As countries struggle to contain the coronavirus outbreak doctors and nurses face an increased risk of infections and death.
Over the weekend, the two hardest-hit European countries, Spain and Italy, announced more than 3,000 deaths as the coronavirus continues to strain their health care systems.
The coronavirus outbreak is increasingly impacting frontline medical workers due to their proximity to patients.
The Italian government has begun publishing a grim new set of data related to the pandemic that has paralysed the country.
At the time of writing, the number of health professionals who have died in Italy from the virus stands at 63. This is in addition to 2,629 health professionals that have been infected according to the Italian government.
“Many doctors die suddenly, even if the cause of death is not directly attributable to the virus,” warned the National Federation of Physicians and Dentists, which has published the latest data.
Many of the doctors that have died fall into the high-risk category of patients including 68-year-old Roberto Stella, president of the Medical Association of Varese who was one of the first doctors to die in Italy on March 11.
The figures for infected health care workers in Italy are almost double the reported rate in China where the coronavirus was first discovered.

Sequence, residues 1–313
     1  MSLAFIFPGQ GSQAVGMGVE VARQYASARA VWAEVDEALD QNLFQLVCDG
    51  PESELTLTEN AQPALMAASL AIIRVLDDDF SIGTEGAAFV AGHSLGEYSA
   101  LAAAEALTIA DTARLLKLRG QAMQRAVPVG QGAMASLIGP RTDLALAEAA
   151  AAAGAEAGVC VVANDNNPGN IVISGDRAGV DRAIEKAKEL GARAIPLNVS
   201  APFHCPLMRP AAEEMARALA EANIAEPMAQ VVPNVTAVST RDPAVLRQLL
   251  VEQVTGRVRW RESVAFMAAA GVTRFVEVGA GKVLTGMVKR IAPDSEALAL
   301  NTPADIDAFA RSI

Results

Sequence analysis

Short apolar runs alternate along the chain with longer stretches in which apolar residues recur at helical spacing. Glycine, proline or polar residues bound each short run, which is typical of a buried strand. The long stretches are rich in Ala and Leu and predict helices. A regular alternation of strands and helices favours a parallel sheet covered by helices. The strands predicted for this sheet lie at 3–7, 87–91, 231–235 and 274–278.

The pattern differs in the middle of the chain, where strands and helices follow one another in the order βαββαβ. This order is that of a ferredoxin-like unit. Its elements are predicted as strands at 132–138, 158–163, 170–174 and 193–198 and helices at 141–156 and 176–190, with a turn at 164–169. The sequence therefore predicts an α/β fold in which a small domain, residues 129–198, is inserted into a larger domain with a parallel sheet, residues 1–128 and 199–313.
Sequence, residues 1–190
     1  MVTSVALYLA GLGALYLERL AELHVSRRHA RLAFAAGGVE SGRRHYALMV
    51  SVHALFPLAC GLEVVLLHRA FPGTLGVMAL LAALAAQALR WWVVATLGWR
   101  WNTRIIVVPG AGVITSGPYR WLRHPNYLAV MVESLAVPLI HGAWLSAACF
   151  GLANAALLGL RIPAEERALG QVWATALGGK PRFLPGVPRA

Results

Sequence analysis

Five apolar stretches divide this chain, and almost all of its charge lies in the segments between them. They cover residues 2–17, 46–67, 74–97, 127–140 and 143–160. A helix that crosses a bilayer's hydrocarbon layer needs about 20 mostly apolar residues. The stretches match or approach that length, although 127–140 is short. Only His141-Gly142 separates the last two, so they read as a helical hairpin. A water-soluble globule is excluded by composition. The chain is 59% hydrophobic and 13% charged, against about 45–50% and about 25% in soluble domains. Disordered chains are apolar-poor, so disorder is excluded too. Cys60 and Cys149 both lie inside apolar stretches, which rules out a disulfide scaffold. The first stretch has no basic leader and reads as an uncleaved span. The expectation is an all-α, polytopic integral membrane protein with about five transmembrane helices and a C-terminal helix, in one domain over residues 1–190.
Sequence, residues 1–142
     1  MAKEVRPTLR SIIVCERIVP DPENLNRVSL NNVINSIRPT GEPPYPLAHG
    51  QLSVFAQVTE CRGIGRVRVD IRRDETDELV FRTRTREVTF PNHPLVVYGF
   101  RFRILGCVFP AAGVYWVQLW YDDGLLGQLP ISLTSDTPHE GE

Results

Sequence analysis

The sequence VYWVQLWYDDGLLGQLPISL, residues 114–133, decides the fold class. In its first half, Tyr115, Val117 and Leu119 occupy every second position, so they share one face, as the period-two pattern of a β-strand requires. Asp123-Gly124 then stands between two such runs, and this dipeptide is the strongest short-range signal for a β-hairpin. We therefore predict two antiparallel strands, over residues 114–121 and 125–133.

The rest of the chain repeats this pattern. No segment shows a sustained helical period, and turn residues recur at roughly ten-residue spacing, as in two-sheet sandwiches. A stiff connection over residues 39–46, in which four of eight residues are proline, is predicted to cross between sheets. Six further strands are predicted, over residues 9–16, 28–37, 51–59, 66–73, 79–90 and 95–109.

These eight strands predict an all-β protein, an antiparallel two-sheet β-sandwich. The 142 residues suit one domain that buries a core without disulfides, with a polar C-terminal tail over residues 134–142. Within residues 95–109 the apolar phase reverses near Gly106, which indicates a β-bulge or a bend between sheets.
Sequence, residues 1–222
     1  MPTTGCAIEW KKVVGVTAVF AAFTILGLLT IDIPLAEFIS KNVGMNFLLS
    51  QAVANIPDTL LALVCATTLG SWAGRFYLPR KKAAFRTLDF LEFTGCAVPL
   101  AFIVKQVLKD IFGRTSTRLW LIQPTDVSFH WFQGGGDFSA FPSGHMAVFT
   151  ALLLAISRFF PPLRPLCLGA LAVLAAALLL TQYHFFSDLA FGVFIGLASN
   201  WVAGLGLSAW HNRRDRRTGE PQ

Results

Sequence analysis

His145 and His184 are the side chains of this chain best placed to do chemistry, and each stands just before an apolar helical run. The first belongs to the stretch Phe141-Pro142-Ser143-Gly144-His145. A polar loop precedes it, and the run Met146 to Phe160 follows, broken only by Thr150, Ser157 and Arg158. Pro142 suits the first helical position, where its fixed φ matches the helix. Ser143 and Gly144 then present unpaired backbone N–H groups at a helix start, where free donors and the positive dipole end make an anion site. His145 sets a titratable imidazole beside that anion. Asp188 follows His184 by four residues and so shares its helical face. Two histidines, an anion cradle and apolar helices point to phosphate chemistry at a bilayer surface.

Due to their proximity to highly infectious patients, doctors are increasingly facing risks in part due to a lack of equipment.
In the US, there have been reports of medical professionals running out of protective equipment as they try to fight the coronavirus.
As yet, there is no data on how many healthcare professionals have been infected in the US. However, some fear with the explosive rise in coronavirus cases, there could be a shortage of doctors if the US sees the same pattern as other places.
In the UK, there are also growing fears that doctors are not being provided with all the equipment that they need.
In part, because the health care system has experienced cuts, the UK, like many other nations trying to deal with the pandemic, has struggled to source the necessary equipment to protect front line staff.
In India, where there is a growing fear that the virus could spread as millions of go to their home villages. India’s Hindu’s nationalist Prime Minister Narendra Modi ordered a complete lockdown for 21 days.
India’s healthcare system is also acutely underprepared to deal with a significant outbreak of infections. Healthcare infrastructure in India is often underfunded or almost non-existent in rural areas where the majority of Indians still live.
To make matters worse, as people around the world have celebrated the bravery of healthcare workers, in India, doctors are being evicted by unscrupulous landlords fearful of the virus.
After the financial crises of 2008 many healthcare systems experienced funding cuts as governments imposed austerity measures.
There are more than 780,000 global infections and 37,843 deaths. One of the worst-hit countries is now the US with more than 160,000 infections and 3,170 deaths.
Europe as a region has also been impacted significantly with Italy and Spain leading in terms of global deaths with 11,591 and 7,716, respectively.
China, where the virus was first discovered, has managed to significantly halt the spread of the coronavirus with a daily increase of only 79 and many of the cases imported from abroad.